Owing a JDM (Japanese Domestic Market) vehicle has all kinds of quirks. Often, the first question people ask us about our vehicles is where we got them. The second question is almost always asking if parts are difficult to find. The answer varies. Here is how we find parts for our JDM Mitsubishis, but the idea will work with a host of vehicles from other markets.
The Key: Know Where to Look
Items like fuel filters, oil filters, and air filters can be had pretty easily, so long as you know the right part number. I’ve had no problem sourcing all these parts from North American auto parts stores. For example, the oil filters for all three of our 4D56-powered turbo diesels are Wix 51067 or NAPA 1067, and they’re easily obtained at stores or bought online. I typically rely on Facebook groups or forum sites for the knowledge base of these sorts or part numbers; most of the time the info’s out there. Even a plain-old Google search will often work. But what about other more specific things?
Global Online Parts Sellers
I use a few sites for tracking down an item’s original part number, then generally go down a rabbit hole of cross referencing to see if the part happens to also appear on something that was sold domestically (more on that in a second). I generally use Megazip, PartsSouq, and Amayama to look up OE (original equipment) part numbers. All three sites offer the ability to plug in a chassis number or VIN, which provides you with exploded view diagrams of pretty much everything for the vehicle. (That does not always guarantee the part is available for purchase, however.) Alongside the diagrams are part numbers, and in some case, multiple part numbers (both OE and aftermarket). You can, of course, buy directly from these places which often have a couple of warehouses around the world, including places such as Japan, Russia, and UAE. I have bought several items directly from Amayama including window gaskets, window hardware, and a brake shoe adjuster for our 1989 Mitsubishi Delica. The genuine Mitsubishi parts came directly from Japan in about 10 days and were exactly what I needed.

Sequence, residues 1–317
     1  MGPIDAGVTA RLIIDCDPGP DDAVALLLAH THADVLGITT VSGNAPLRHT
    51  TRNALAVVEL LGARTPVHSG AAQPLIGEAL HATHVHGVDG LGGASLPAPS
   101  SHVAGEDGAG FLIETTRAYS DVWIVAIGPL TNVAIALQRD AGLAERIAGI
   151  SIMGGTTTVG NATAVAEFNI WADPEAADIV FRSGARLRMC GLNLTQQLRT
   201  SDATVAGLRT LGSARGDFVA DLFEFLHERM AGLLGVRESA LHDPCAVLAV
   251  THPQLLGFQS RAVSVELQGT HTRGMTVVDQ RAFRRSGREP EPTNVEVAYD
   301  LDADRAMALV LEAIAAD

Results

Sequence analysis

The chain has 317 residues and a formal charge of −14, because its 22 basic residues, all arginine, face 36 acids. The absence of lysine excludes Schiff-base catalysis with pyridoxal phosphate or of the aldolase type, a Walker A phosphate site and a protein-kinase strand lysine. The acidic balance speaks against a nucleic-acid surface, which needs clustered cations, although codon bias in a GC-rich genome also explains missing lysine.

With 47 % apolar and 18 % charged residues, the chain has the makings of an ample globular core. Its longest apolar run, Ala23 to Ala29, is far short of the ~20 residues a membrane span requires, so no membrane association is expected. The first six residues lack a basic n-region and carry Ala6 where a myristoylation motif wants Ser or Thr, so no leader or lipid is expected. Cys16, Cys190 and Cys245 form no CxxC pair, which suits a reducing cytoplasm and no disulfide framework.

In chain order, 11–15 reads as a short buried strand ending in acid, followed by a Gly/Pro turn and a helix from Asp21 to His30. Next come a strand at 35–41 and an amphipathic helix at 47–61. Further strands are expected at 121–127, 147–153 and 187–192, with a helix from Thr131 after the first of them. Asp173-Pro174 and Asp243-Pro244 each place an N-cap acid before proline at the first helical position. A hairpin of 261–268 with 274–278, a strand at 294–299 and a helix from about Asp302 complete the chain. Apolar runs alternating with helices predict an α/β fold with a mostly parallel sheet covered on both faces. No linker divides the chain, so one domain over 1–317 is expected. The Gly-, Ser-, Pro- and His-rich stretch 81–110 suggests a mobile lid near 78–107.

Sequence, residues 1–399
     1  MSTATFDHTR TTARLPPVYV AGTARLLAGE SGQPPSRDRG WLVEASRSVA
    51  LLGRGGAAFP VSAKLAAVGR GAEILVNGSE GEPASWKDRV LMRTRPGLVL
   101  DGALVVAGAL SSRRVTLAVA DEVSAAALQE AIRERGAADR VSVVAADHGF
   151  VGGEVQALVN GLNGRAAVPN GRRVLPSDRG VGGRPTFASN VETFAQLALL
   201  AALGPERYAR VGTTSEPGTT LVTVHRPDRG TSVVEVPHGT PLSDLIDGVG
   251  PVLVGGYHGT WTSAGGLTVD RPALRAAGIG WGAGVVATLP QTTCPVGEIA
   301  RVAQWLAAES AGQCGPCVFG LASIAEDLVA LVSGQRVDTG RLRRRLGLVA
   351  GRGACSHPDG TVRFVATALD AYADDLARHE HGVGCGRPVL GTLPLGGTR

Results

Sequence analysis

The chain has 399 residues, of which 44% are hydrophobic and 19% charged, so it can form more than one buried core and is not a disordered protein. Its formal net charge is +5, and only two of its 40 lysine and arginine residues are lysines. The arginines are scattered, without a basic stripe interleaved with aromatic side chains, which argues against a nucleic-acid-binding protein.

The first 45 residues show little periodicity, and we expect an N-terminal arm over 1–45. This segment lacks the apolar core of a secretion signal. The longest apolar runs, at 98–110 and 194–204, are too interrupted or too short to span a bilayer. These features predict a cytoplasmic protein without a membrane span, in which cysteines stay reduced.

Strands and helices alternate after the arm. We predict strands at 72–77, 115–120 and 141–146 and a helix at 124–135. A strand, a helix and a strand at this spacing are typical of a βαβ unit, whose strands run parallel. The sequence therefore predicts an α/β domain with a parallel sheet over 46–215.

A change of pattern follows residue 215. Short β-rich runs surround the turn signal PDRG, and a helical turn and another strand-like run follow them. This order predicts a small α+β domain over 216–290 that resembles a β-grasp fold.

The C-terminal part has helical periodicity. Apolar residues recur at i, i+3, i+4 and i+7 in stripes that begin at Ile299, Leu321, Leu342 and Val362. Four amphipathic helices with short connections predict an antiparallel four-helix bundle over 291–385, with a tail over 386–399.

Buyer beware: If you use these sites, carefully check their return policies. While many will warranty a part that’d been damaged in shipping, if you order the wrong part for your car, there are usually no returns. This leads us to another method of sourcing JDM parts.
Cross Reference With Local or Online Vendors
Those above-mentioned sites can be used to look up the original part numbers and then cross reference them with parts that may be sold domestically, sometimes even at your local auto parts stores or North American-based vendors. Case in point was the thermostat for our 1992 Mitsubishi Pajero. The vehicle is equipped with the 4D56 turbo-diesel engine—a powerplant that was not offered in North America. After looking up the OE part number, I cross referenced it on the Stant Thermostat website, and found out the same unit was used a host of Chrysler and Mitsubishi products sold in the U.S., such as the 2.4-liter Mitsubishi Outlander. I saved time and money doing this, and simply picked the thermostat up at my local NAPA Auto Parts.
Cross Referencing on Amazon, eBay
Another trick is to take that OE part number and check out Amazon or eBay. Often there are global sellers offering up the parts you need, sometimes with free shipping. I got a new genuine Mitsubishi timing belt and water pump kit from an eBay seller in the Philippines at a very good price. In addition, it took five days to get from Manilla to Portland, OR. I can’t send a postcard to my mom in Wisconsin that quickly! I’ve had similar luck with Amazon sellers, too. But again, check those return policies.
Look Outside Your Country’s Market
Finally, the last trick is to visit other countries’ auto parts stores. The Mitsubishi Pajero was made in Japan, sold in Japan, but was quite popular in Australia and the UK. When I needed a clutch kit for our 1991 Mitsubishi Pajero, I visited some Australian- and UK-based auto parts stores to see if they’d have what I needed. The Australian market stuff charged a lot to ship to the U.S. (understandably), but I found a UK-based store, KS-International, offering a total clutch kit (including an Exedy clutch plate) for a very reasonable price, even including shipping. Speaking of, it took just four days to get from the UK to my home in Oregon. Nuts. Excellent. Nuxellent. (You heard it here first …)
Still Not Always Easy to Get What You Need
As I write this, I’m in the middle of my most difficult challenge finding parts to date. I’m looking for two complete front axles for our ’91 Pajero. The OE part numbers all yield slightly different results. Some offer up the complete axle assembly, some just the inner or outer CV joints themselves. There are also boot kits and axle kits which muddy the waters even further. Add to it that some of the 2.5-liter Pajeros had a 25 spline inner shaft, some 28 spline. I pulled my axles and found that mine (well, technically speaking, the left side) has the 25 spline inner. I discovered first-gen Mitsubishi Montero/Dodge Raiders had 25 inners/28 outers, but after buying a set, they’re too short (narrower track) so they’re going back. Thankfully, they came from Advanced Auto, and I can return them locally.
The search for parts comes along with JDM vehicle ownership. I’m sure it’s the same with cars from Europe or any other vehicle that was never originally sold in your home market.
So take this as a cautionary tale: If you’re not willing to put in the work to find parts for more obscure vehicles, I wouldn’t consider buying one. Additionally, if you’re not handy with a wrench, rare or out-of-market vehicles can become giant money pits if you bring them to the shop for every little thing. We’ve been in the JDM game now for over two years, and still loving it, but knowing where to get parts helps a lot.